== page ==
1 August, 2021


UNF Would Have Done Better

By Ranga Kalansooriya

Dr. Ranga Kalansooriya

Dr. Ranga Kalansooriya

In his latest book on political marketing, a timely release during the electioneering process, Dr Sunil Jayantha Navaratna argues that a vote by person to a particular political party or to a candidate is a temporary loan based on a package presented through propaganda and promotion during the campaign. That package consists of seven Ps – Person (candidate), [Party and Logo], [Policies & Plans], Promises, Performances, [Perceptions & Predictions] and Payback.

When analyses the August 17 polls according to the above argument, it seems UNF has succeeded in packaging its seven Ps – or at least most of them – but still did not managed to secure the required simple majority (113 seats) as a single party.

In fact the battle was not a direct competition between two persons as it happened on January 8. It was battle between a person and a set of policies in which the majority trusted the latter than an individual.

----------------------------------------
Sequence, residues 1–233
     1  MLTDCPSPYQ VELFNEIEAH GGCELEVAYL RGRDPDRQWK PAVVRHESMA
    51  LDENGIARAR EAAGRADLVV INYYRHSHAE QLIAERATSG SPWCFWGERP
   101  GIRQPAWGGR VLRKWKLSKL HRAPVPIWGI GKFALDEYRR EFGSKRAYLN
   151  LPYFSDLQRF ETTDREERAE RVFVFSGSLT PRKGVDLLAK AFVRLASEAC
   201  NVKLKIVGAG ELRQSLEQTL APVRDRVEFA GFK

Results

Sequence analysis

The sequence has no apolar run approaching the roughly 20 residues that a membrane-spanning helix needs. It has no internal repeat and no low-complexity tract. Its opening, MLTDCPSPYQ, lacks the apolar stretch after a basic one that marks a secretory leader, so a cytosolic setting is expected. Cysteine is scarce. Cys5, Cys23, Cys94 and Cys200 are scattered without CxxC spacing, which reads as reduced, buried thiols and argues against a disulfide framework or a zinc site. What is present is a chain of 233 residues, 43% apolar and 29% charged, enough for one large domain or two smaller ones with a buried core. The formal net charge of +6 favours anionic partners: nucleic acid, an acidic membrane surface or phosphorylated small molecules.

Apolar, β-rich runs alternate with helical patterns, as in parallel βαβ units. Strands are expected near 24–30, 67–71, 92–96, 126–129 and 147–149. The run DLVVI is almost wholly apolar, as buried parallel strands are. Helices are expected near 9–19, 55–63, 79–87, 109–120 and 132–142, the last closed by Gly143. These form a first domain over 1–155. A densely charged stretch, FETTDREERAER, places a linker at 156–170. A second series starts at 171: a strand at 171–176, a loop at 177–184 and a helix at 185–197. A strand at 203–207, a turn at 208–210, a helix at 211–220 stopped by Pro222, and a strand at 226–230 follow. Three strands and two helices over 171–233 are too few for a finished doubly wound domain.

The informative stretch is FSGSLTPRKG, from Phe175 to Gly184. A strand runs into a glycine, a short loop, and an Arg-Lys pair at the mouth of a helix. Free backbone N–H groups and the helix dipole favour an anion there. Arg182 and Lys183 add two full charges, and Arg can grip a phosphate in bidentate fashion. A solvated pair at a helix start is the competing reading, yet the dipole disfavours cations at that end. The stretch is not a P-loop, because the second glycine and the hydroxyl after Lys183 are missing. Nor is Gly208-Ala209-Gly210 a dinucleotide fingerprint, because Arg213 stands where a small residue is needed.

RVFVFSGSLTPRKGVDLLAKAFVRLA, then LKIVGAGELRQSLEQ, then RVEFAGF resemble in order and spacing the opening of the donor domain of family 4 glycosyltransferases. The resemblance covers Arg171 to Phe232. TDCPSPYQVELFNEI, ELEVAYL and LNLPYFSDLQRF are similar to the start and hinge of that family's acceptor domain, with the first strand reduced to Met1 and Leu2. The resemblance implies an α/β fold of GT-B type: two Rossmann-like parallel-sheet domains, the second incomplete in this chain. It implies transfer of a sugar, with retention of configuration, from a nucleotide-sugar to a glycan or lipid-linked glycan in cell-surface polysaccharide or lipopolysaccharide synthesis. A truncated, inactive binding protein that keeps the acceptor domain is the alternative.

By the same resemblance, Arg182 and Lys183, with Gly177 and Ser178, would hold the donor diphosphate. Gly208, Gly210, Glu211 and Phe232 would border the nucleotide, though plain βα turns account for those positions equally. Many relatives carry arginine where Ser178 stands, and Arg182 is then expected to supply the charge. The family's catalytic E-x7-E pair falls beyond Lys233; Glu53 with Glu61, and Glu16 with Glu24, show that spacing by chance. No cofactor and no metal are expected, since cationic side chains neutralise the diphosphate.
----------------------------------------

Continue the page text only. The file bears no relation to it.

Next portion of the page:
Ranil MaithreeGoing by Dr Navaratna’s logic, the UPFA had only two strong Ps within its camp. The first was the Person in Mahinda Rajapakse. The entire UPFA campaign was designed around his personal Charisma and all the candidates magnetized around it. The other P that worked for him was his Performances – not on governance or economic development of the country – but purely on war. One could argue that the votes UPFA bagged were still payback or gratitude for winning the war – mainly from his strong Sinhala-Buddhist vote base. Other than those two reasons, I don’t think his voters trusted his Policies & Plans, Promises or even Perceptions.

On the other hand Goebbel’s theory (repeating a lie until it becomes a virtual truth) would have worked well for Mahinda camp. Its repeated claims on nationalism and patriotism rooted deep into his